FAQs about Clinical Trials

a patient talking to two female doctors

Polio is a crippling disease caused by a virus that attacks the nervous system. Not only will it deprive you of mobility, but it will also significantly shorten your life and change your quality of living. There remains no cure for this illness, but there are now many ways to prevent and manage it. The same is the case for Alzheimer’s, cancer, and epilepsy.

Medical conditions that do not have known cures are best managed with the right medication. A clinical trial is a three-step process that determines the effectiveness of a trial drug. The phase 1 clinical trial is where it all starts. Below are some of the most common questions asked which can help you know more about the process.

What is the purpose of phase 1 clinical trials?

The main goal of these is to assess the safety of a medication or device. Phase 1 has a relatively small number of participants, ranging from 20 to 100. Aside from assessing the safety of a drug, medical researchers also evaluate its effects, particularly how it is absorbed, metabolized, and excreted by the human body.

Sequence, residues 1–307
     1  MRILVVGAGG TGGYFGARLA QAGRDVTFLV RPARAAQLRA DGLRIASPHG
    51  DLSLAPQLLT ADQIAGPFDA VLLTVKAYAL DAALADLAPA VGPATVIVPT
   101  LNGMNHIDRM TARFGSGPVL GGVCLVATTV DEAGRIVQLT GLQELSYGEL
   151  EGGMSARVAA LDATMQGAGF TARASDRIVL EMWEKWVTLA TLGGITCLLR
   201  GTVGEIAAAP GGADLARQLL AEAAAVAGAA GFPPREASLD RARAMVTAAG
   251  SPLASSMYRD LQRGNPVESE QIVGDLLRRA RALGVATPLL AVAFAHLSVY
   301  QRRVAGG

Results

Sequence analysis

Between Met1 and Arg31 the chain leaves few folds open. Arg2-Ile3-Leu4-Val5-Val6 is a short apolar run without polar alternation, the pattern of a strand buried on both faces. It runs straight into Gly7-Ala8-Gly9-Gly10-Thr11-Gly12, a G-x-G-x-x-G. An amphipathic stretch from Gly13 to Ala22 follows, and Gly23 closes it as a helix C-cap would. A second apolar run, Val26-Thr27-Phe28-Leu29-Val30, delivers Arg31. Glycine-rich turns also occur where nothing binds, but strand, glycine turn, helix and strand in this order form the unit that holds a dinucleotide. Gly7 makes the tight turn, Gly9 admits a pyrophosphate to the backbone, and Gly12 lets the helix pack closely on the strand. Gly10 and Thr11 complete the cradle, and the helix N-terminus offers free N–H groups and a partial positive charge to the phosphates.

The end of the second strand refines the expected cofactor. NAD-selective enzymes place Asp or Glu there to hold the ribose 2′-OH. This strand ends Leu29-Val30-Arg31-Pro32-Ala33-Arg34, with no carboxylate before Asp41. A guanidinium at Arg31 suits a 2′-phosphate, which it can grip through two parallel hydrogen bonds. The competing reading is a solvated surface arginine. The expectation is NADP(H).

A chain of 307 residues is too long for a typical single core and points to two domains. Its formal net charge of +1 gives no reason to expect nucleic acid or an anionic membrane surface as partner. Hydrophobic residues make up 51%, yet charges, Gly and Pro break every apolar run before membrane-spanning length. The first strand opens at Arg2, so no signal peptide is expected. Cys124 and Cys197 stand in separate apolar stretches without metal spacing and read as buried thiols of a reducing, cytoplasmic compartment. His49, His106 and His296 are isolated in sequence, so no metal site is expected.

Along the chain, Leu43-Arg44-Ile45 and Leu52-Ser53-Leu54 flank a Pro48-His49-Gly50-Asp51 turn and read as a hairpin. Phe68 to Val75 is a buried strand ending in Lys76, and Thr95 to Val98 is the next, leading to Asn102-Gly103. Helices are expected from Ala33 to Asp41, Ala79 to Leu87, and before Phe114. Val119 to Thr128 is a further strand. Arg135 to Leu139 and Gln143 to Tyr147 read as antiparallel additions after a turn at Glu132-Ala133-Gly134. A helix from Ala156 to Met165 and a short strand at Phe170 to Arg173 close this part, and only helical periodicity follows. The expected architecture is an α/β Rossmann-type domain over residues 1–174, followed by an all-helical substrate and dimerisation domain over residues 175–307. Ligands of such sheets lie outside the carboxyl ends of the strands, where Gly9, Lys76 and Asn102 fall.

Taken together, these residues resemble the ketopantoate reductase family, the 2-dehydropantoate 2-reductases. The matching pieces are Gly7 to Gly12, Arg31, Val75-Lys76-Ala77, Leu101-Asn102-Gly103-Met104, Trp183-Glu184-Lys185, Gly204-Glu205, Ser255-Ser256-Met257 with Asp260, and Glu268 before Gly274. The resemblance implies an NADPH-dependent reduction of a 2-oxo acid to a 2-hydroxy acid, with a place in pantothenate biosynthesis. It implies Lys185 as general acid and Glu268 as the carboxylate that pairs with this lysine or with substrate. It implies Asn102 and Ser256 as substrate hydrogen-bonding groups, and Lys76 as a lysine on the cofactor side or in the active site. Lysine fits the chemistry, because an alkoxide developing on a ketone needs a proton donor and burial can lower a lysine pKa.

Who are qualified to participate?

Qualifications depend on the medication being studied. In some cases, phase 1 would require a healthy test subject. In some cases, people who have advanced stage cancer or other medical conditions are invited to participate. Participants who volunteer are all compensated.

What can one expect from the trial process?

Participants will be put in a controlled environment, which means their medication, food intake, and lifestyle may be altered based on the standards needed for the trial to take place. Blood tests are also done to monitor how the body responds to the medication. In most cases, participants and medical practitioners alike will not be informed about the presence of placebo (if there are any) to get more accurate results.

READ  Reasons, Risk Factors, and Replacements for Lost Teeth

Phase 1 is very important, as it determines whether a drug can undergo the phase 2 process. Thanks to these lengthy processes and volunteers, modern medicine can continue to evolve and save more people’s lives.